Japan targets hydrogen to have a significant share in its power mix in the next 30 years, and a power official believes a successful transition could drive a rapid global adoption.
Japan in December released a road map that pushed for hydrogen to supply 10% of its power mix by 2050. It allocated some $300 million in 2017 and 2018, and is likely to subsidize the industry eventually.
The country is bent on achieving zero emissions by 2050, but renewable sources such as solar and wind will not be enough. It is currently the third-biggest economy powered by oil, gas, and coal.
Japan’s biggest power firm JERA Co. plans to cut down carbon emissions by adding hydrogen compound ammonia in its coal-fired plants. It inked a supply agreement with a major ammonia manufacturer last month.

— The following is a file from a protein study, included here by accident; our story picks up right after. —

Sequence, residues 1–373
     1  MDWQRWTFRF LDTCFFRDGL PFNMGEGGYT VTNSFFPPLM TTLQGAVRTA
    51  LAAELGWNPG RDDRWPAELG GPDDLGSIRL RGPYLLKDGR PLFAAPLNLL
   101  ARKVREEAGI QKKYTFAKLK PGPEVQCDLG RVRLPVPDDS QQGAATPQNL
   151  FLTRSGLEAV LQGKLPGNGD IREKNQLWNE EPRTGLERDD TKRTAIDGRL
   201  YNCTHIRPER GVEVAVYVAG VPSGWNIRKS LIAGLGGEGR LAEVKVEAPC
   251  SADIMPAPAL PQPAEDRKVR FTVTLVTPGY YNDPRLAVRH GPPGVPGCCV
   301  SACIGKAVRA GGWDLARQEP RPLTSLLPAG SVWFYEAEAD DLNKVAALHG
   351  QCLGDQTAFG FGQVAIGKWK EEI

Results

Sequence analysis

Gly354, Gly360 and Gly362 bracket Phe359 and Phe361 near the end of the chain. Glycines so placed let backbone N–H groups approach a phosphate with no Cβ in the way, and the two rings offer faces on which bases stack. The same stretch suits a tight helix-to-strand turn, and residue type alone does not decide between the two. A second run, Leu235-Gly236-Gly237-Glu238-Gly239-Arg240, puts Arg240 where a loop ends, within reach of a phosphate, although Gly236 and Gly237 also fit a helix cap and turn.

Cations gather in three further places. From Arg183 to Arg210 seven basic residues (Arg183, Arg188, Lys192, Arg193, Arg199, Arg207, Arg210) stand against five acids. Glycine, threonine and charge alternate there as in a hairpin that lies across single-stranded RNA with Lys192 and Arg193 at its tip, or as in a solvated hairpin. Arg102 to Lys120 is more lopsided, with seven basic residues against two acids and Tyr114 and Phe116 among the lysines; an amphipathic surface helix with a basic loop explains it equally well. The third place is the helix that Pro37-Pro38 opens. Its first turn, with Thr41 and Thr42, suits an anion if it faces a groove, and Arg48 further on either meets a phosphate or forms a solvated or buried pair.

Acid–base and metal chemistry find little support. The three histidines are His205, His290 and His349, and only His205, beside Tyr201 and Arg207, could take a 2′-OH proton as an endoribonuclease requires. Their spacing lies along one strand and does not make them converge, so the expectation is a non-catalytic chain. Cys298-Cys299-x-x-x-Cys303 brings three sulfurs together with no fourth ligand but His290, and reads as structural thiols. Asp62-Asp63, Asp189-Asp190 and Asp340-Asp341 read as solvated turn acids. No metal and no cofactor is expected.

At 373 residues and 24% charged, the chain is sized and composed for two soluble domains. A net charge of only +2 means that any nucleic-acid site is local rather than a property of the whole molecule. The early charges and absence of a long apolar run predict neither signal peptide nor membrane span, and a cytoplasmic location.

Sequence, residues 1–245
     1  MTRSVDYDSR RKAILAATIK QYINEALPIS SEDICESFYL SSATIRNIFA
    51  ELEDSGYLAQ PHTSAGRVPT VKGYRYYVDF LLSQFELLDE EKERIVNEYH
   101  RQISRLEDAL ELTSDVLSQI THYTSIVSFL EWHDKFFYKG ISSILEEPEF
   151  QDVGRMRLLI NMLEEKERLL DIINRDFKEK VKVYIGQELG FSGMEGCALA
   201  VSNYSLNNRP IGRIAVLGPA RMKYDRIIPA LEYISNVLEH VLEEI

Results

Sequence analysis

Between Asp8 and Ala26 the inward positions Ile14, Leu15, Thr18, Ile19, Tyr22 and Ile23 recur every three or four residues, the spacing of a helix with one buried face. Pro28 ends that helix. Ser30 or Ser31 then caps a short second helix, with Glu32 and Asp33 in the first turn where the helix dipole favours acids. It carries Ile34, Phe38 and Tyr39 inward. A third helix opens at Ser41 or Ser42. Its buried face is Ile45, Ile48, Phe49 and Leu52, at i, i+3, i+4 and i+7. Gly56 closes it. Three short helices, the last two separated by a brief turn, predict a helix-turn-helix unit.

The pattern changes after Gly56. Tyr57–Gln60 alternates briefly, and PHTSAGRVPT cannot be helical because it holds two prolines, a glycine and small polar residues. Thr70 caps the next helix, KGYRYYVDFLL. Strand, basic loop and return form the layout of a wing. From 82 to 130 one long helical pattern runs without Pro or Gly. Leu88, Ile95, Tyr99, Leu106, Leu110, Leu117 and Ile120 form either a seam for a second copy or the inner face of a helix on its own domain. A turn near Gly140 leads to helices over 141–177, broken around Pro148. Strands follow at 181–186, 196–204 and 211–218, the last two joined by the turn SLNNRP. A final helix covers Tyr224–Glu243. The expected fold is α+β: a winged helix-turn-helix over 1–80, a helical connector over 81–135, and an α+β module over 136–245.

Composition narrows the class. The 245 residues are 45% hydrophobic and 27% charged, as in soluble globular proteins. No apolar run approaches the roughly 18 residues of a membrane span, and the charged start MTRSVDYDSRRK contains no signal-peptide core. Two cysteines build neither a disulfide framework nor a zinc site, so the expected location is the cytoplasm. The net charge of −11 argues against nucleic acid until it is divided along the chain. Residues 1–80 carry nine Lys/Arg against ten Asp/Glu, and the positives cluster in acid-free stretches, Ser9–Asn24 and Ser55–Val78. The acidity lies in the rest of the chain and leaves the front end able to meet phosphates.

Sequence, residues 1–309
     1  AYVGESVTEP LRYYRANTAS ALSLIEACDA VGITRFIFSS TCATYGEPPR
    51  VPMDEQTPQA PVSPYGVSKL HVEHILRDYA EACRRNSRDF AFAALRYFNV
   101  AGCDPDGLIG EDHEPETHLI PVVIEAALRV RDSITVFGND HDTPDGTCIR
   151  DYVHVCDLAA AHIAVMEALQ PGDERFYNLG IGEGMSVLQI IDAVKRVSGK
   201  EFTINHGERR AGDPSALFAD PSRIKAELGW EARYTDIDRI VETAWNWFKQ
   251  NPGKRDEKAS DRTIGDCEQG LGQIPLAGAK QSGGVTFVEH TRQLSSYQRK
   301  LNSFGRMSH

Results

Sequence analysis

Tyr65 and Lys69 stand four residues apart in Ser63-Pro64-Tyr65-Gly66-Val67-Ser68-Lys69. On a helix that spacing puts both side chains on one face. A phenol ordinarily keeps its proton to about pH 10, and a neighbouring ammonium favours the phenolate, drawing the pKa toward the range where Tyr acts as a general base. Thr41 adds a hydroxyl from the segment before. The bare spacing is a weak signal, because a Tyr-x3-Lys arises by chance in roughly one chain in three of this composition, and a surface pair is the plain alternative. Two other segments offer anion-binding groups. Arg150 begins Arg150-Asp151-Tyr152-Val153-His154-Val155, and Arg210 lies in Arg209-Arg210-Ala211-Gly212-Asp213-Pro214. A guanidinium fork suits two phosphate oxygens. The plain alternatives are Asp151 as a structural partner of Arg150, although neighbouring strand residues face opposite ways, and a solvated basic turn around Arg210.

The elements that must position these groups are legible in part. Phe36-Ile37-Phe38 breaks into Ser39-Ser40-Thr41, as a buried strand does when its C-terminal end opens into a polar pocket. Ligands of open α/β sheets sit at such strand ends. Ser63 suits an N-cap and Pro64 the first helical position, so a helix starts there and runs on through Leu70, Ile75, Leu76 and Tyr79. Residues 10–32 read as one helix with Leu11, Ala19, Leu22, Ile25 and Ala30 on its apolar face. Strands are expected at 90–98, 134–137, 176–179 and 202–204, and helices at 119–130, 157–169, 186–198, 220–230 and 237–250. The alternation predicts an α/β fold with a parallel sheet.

JERA Board Member David Crane believes there will be rapid global hydrogen adoption if Japan makes a breakthrough and the entire value chain services the Japanese market.
Critics remain wary of hydrogen as a power source due to its high cost and inefficiency.